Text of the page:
• Locks – Not all landlords find the need to replace locks between tenants, but a new lock will help your renters feel safest. You never know how many times your past tenants made copies of keys, so getting them replaced will ensure a secure home for your tenants – just make sure to keep a copy for yourself.
  • Air filters- If you want your renters to get in the habit of replacing air filters to keep your HVAC system functioning properly, start them off with a new filter and provide a pack of replacements. Set up reminders in your management software to let your tenants know when it’s time to pop in a new filter.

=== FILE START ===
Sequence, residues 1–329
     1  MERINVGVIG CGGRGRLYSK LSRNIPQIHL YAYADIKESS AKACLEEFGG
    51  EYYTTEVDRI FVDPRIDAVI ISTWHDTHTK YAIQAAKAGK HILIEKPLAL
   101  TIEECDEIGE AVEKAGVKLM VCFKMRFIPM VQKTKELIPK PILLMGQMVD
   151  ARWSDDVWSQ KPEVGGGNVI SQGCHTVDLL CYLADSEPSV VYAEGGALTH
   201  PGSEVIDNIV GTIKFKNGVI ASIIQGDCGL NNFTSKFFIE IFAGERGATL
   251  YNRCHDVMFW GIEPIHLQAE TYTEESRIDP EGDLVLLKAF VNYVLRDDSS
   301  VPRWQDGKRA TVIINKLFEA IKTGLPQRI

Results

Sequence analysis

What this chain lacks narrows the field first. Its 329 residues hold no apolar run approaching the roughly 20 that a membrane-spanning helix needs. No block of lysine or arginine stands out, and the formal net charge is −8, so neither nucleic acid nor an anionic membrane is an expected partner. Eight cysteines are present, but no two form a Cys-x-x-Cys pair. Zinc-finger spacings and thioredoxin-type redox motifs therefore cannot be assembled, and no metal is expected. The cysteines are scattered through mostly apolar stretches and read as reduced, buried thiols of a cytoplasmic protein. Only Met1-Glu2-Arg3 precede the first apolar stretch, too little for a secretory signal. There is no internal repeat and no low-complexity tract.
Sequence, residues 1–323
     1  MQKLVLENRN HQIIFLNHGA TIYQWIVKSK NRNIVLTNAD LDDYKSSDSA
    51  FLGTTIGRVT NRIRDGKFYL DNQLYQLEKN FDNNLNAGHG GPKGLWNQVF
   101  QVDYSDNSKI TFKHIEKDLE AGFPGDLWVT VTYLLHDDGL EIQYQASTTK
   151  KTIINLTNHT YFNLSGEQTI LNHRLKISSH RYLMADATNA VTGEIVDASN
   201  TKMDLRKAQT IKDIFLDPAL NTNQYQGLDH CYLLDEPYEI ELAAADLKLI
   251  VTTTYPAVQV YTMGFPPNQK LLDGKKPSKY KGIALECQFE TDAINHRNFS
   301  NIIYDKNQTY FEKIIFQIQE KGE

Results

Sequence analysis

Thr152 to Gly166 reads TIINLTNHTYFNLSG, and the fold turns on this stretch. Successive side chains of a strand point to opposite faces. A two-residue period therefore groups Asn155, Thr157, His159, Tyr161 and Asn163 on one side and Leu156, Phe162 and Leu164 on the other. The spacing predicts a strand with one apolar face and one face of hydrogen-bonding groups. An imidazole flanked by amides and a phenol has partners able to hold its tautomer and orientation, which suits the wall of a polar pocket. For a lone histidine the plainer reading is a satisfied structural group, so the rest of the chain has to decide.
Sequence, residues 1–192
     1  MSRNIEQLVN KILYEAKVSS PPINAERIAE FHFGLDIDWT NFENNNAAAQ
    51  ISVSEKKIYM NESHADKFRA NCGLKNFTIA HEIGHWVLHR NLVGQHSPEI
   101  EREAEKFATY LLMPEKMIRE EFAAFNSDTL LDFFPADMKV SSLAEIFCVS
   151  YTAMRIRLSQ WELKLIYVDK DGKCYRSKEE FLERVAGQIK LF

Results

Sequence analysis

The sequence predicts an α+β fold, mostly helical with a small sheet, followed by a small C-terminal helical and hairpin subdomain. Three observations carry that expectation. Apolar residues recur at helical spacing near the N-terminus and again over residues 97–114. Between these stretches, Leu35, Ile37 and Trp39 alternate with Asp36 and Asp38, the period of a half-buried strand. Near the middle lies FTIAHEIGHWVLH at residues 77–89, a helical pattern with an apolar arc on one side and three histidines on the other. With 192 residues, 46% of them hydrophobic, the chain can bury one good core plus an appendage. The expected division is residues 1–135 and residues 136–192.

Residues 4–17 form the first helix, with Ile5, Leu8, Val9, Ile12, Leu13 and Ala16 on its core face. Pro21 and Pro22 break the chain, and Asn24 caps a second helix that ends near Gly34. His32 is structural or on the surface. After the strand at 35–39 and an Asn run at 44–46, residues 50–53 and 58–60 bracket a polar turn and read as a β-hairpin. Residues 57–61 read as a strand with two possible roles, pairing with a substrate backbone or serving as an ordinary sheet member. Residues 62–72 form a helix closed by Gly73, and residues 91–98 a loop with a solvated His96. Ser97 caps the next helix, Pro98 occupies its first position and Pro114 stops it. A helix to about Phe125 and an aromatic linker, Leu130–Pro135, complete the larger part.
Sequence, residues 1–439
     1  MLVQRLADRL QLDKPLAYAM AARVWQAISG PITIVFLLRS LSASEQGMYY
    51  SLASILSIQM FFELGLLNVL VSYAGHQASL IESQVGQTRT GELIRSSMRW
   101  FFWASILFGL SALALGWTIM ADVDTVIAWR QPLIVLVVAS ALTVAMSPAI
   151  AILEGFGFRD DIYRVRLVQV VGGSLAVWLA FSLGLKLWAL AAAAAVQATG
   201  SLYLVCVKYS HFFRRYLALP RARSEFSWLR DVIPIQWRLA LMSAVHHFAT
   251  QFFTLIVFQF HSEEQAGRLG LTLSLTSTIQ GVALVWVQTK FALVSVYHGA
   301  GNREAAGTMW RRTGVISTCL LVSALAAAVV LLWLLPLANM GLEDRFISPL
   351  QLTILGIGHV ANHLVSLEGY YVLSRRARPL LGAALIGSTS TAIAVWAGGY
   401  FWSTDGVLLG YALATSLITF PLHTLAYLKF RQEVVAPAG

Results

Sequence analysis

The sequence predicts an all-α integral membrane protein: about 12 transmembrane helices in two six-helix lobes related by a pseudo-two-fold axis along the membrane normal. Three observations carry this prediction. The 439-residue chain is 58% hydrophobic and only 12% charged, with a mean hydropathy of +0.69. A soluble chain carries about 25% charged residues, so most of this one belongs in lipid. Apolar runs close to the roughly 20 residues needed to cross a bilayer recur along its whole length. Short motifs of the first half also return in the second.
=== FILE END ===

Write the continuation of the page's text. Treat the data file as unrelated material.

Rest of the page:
• Batteries –  Starting a new lease with fresh batteries for the smoke detectors and carbon monoxide alarms will help you ensure you are meeting proper safety regulations for your properties.  It is a good idea to invest in high quality batteries that last a long time – if you can avoid a chirping alarm, you may also prevent an annoyed tenant from disabling the system.


During turnover, do a walk through of the property and flip every light switch and test the outlets to make sure the electrical system is working properly and that no bulbs need replacing.  A burned out light-bulb can kill interest quickly if you are still doing showings and trying to rent out the unit.

Water Faucets – Run all the faucets to ensure they operate properly. You are looking for proper drainage as well as adequate water pressure and temperature. Look under the sinks to ensure there is no moisture or drips.

Freshen Up